Yesterday I had the pleasure of attending one of Brighton and Hove's most vibrant community meetings: the St James's Street Area Local Action Team.
Every month, residents, traders, local councillors, council officers and neighbourhood police gather to discuss ways to make the area safer - to find ways of working together reduce crime an anti-social behaviour in the area.
The packed agenda included heated discussions about cycling, whether or not to lock New Steine Gardens at night, the impact of Southern Gas's plan to close the street next year for weeks digging up the road, and the disturbance residents are suffering at the hands of those leaving the area's many pubs and bars late at night.
But I could scarcely believe my ears when a council officer informed the meeting that Brighton and Hove had been selected to take part in a new pilot scheme designed to improve community safety.
We were all invited to visit a new Home Office website and enter details of where we felt safe, and unsafe, and why.
It was explained that the information entered would be used by the Home Office and the council to help them better target resources - but that actually there weren't any new resources associated with the scheme at all, so it'll just be another tool for shifting around the cash that's already there.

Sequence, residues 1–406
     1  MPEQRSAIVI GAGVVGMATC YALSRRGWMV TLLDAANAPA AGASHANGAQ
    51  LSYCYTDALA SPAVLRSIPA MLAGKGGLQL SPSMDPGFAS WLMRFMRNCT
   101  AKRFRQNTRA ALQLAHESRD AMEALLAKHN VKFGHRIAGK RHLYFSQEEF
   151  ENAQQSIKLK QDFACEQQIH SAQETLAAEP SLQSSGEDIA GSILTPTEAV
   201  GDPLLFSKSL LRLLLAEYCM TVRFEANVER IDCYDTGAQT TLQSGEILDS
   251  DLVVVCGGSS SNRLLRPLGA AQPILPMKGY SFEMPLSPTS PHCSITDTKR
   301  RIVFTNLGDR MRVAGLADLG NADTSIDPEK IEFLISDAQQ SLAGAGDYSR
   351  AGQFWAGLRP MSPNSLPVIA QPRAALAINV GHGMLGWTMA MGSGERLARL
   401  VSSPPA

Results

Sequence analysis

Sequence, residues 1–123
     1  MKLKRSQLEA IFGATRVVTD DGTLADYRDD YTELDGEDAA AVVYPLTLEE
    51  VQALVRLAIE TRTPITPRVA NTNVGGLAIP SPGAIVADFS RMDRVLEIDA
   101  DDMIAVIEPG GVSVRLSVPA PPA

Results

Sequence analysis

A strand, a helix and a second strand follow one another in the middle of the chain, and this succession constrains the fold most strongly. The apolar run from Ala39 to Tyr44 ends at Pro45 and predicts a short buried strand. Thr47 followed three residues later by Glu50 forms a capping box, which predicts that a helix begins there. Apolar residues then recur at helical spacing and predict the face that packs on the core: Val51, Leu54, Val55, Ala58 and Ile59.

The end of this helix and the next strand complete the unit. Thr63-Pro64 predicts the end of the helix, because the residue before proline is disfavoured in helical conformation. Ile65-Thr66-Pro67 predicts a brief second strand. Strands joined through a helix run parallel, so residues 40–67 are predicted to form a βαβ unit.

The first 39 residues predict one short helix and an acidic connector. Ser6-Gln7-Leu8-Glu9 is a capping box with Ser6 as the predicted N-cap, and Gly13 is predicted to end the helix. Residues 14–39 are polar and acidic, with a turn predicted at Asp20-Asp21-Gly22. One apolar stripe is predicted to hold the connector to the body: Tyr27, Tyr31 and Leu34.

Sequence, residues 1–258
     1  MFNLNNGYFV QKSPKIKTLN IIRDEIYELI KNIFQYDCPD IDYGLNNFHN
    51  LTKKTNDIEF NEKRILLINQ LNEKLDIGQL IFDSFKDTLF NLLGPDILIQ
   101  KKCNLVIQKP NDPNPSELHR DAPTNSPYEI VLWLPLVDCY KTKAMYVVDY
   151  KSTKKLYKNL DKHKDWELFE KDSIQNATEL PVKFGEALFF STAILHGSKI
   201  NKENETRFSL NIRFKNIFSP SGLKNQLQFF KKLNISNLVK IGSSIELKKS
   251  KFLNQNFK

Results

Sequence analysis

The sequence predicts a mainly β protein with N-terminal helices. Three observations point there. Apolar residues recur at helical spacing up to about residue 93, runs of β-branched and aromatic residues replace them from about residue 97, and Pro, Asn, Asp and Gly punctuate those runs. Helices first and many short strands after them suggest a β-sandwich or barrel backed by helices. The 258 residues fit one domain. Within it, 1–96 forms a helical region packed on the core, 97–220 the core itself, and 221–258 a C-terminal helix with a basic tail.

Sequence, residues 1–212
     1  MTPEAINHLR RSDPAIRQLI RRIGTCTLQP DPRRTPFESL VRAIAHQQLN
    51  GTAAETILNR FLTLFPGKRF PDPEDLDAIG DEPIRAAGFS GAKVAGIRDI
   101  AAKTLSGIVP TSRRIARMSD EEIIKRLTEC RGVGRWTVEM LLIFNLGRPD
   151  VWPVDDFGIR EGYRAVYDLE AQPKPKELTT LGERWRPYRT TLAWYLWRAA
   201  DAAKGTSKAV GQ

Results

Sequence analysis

Sussex's police chief Martin Richards has warned that we face cuts, effectively, of £35m -and that police officers might have to be laid off to make ends meet. Police stations could even face closure as the cuts bite.
Tory members of Sussex Police Authority have voted to make things even worse, by increasing savings: putting tax revenue in the bank 'for a rainy day' - in other words choosing to make the cuts even deeper, ignoring the rain streaming down the windows.
The council's community safety team is under intense financial pressure too. The Tory administration has pledged to make the lowest Council Tax rise in the city's history, just as the Government is, effectively, cutting the amount of money it gives us here in Brighton and Hove.
The City Council's budget for next is yet to be published, but there are bound to be cuts somewhere.
But we've got a new website to help us weather the storm of cuts. Great. What we need is more cash for neighbourhood policing: more community engagement, more uniformed patrols on the streets - and more neighbourhood empowerment. Not another chocolate teapot which will uselessly gather information residents have been giving the police and Council, to little avail, for years.